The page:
As film fans, there’s always a handful of films that we allow to pass us by. This isn’t usually a comment on their quality or our willingness to enjoy them – sometimes, we’re just a little late to the party.

Despite being a lifelong X-Men fan, Logan was a film that eluded me for a number of years. Part of my reasoning for avoiding it was that I simply wasn’t ready to say goodbye to Hugh Jackman’s turn as the titular character, and another part was that I really didn’t believe it could live up to the hype. Four years on from its release and my expectations finally seemed to have lowered enough to watch Logan.

From its opening scene, Logan is far more visceral than its X-Men predecessors or its MCU counterparts. This is evident not just in its action sequences – which are brutal and serious in a way that superhero films traditionally steer clear of – but also in its handling of its characters and visuals.

Jackman’s performance as Logan offers further insight into the character which was only hinted at in previous films. In Logan, Jackman showcases just why he’s one of Hollywood’s most underrated actors, bringing a depth and vulnerability to the role that sets him apart from the ever-growing legions of cinematic superheroes.

Not only does Logan enrich the existing X-Men characters it uses, but it adds an extra layer of context to previous films that retroactively improve upon them. In this age of Hollywood reboots, remakes, and ever-shifting canon, Logan makes no attempt to rewrite or hide from the cinematic history of its characters, but simply improves upon it while disregarding its narrative as unimportant to this particular chapter of Logan’s life.

Jackman isn’t the only one excellently realizing his part in Logan, though. The titular character is just the central point of a multi-generational core cast, and each actor brings something unique to the film that enhances everything about it. Patrick Stewart’s 90-year-old Charles Xavier is frail and sweet, which provides an early contrast to Jackman’s guarded, jaded heroism. Despite his failing health, Charles remains hopeful, which Stewart portrays brilliantly. The third member of the core cast is Dafne Keen as Laura, Logan’s (sort of) daughter. As an 11-year-old girl playing a child mutant raised in a lab by evil scientists, Keen brings a staggering presence to the role, capturing the feral qualities of Wolverine (her biological father) while still somehow maintaining an air of youthful innocence.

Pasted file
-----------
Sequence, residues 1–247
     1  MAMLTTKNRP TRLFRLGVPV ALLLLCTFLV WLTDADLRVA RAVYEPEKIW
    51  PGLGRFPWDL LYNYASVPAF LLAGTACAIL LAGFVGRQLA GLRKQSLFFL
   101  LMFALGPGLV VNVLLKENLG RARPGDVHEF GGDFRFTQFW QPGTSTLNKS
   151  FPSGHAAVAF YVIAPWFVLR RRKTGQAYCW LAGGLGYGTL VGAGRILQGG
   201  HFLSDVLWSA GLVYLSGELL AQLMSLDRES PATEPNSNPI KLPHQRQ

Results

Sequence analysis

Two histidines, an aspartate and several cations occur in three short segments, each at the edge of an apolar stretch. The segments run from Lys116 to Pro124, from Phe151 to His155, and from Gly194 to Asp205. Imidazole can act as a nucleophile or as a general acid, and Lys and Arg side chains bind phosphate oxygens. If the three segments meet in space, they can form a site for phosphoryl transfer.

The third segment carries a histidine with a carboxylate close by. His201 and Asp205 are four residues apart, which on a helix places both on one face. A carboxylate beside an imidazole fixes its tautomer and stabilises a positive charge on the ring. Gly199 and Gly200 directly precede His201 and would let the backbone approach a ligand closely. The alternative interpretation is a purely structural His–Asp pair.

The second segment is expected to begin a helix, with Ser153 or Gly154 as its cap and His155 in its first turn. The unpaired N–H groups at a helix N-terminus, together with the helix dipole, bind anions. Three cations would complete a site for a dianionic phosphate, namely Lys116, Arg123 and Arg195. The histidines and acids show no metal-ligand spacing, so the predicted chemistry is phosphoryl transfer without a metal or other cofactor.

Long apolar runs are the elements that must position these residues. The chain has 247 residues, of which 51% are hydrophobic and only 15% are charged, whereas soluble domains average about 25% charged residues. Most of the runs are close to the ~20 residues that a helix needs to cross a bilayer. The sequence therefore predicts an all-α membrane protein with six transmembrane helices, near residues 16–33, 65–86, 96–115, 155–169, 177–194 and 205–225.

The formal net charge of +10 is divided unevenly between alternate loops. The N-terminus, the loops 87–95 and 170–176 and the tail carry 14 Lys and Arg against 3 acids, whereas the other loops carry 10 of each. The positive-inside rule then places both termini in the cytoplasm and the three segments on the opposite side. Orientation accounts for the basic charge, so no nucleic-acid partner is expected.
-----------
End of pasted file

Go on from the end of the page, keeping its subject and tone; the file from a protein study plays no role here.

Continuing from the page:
The way in which these three characters are linked brilliantly captures the essence of the paternal relationships between Charles and Logan, and between Logan and Laura. Laura and Charles also share a softer, warmer relationship without the tensions Logan shares with them both. This triangle alone is enough to keep the film intriguing and touching, particularly as its cast clearly understood the assignment so very well.

Logan is more Western than comic book. Its raw emotional scenes and powerfully tense action sequences feel so far removed from other superhero films that to classify it as such cheapens its power. It’s an exploration of familial responsibility, but also of the fight against time that everyone one day loses.

Squaring out the story of Jackman’s Wolverine in outstanding fashion, Logan is a powerful film that carries all the more weight for what came before. Its deeper themes sit just below the surface, and are never forced to the forefront of the film. Instead, they shine through in key moments, making Logan emotionally impactful even as its titular hero (and his daughter) are slashing their way through hordes of bad guys.

Really, I needn’t have worried about Logan living up to its hype. It’s a beautifully conceived sci-fi Western that delivers a satisfying conclusion to the narrative arcs of one of the most iconic cinematic superheroes out there – and it does it without ever feeling like just another superhero film.

Rating: 90%

Summary: Logan breaks the mold by pushing the boundaries of its perceived genres, simply delivering a powerful and emotional story of an ageing man coming to terms with his legacy.

Highlights: Jackman’s nuanced and vulnerable performance highlights just how perfect a casting he always was for the character, and this shines through in practically every scene.